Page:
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I was looking but dident find any so I´m wondering if there is any kind of writup´s with pics or not on how to adjust the valves changing shims and so or even how to chang the valves :O
 

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I think the service manual is your best bet. I did mine last month and looked and didn't find anything.

it is so very, very easy.....

all you need to know is when they say 8 lbs for the cam retaining bolts, they MEAN it...not 10, not 9...but 8! :laugh

fortunately they are designed well and I didn't break it off in the head...



whatdya want to know while it's still fresh in my head? I was going for optimal, not just spec, so I picked up a shim kit, much easier than constantly heading to the dealer.
 

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btw, I had a shop adjust mine at 20ish thousand miles, 3 were out of spec.


at 45k miles, all were still in spec, though 3 on the front cylinder were far enough on one end I could shim them better and still be in spec. pretty common that once the first one is done, they stay put and don't need changing.


get good feeler guages, good torque wrench, and a magnate on a stick...easy peasy japaneasy
 

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Mine are up for adjustment and was thinking of doing this myself during the mod season. Thanks for the reassurance.

I think the service manual is your best bet. I did mine last month and looked and didn't find anything.

it is so very, very easy.....

all you need to know is when they say 8 lbs for the cam retaining bolts, they MEAN it...not 10, not 9...but 8! :laugh

fortunately they are designed well and I didn't break it off in the head...



whatdya want to know while it's still fresh in my head? I was going for optimal, not just spec, so I picked up a shim kit, much easier than constantly heading to the dealer.
 

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whatdya want to know while it's still fresh in my head? I was going for optimal, not just spec, so I picked up a shim kit, much easier than constantly heading to the dealer.
So I just mark everything up and remove the cams and get to it then :) (if they are out of specs)
 

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So I just mark everything up and remove the cams and get to it then :) (if they are out of specs)
don't really even have to mark em, they have marks already...you'll see, when either is at tdc you'll see the marks. having a manual is really handy too. I pulled the rear intake off before remembering to advance to tdc for that one, lobe was facing down so valves were pushing up on it. was a bit worried for a second, then just looked at the manual and dropped it back in.

..and yes, I have since fired it up so I'm not just passing along bogus info :)



...and remember, the larger the gap between the lobe and shim the better...as long as it's in spec.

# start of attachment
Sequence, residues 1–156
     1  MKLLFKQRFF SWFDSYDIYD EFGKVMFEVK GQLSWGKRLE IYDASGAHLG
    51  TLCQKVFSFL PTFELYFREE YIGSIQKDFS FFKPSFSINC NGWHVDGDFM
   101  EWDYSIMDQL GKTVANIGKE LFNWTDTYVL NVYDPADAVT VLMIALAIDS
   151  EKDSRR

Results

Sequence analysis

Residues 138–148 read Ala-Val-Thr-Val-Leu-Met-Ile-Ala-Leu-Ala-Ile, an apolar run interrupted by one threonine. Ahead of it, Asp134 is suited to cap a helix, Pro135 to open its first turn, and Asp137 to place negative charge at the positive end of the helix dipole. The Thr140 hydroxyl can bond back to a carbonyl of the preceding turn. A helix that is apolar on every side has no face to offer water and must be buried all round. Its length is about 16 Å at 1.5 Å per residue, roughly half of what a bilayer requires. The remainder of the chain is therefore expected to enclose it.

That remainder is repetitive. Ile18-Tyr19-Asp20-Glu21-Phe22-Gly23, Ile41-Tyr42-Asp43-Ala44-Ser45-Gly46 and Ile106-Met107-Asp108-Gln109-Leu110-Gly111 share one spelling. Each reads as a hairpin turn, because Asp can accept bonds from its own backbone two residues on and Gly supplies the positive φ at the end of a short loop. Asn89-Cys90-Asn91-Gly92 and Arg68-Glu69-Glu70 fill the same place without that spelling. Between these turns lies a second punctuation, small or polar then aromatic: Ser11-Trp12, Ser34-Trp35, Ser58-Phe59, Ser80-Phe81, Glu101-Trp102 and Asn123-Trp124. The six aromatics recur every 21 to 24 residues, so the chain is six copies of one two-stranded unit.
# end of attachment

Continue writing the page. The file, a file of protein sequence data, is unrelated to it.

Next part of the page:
the magnate on a stick is a must imop as you have to take the cap off the shim first, with a magnate, both come right out together.


oh, having a micrometer is a must as well if you go changing any out.
 

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..and I recommend, of course, taking your time. Do one cylinder at a time, measure twice, cut once and all that good stuff.....
 

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thanks alot man :thumbup
 

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Just remember that the decompression dowel will be depressing the exhaust shim buckets when the lobe is pointing away from the valve. You will need to flick out the bob weight arm to release the decompresser.

If you don't you will wonder why the hell you have a hugh clearance on two of the four exhaust valves :banghead

Also it may be worth buying one of the shim selection box's found on ebay if you plan on doing them more than once.
 

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Going to do my Valves this winter for the 3rd time... tired of back an forth to the dealer... Where is the best price for that darn shim kit... Suzki oem i think was like 345.00 when i priced it... i just about fell outta my chair.. or did i look up the wrong item.. it seemed high priced but gave it no further thought at the time. help. :)
 

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I bought mine off ebay for about 70 dollars. Only 2 size shim kits, we take the 9.48 (or close) kit, not the 7 mm shims.

same kit from a normal online retailer is 10-20 dollars more, so not horrible.

this is the kit I bought.

http://cgi.ebay.com/ebaymotors/Yama...tegoryZ43977QQihZ001QQitemZ110062760858QQrdZ1

yes, you end up with many shims you'll never use, but like you, I didn't want to be in the middle of the job and need to go back to a dealer (15 miles away) for one damn shim...it's worth not having that headache. Friend just bought an 07 yz450f, another is looking at a crf so there are hopefully other bikes I'll be using these on to get more of my money's worth.
 

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it's funny, i bought the same exact kit.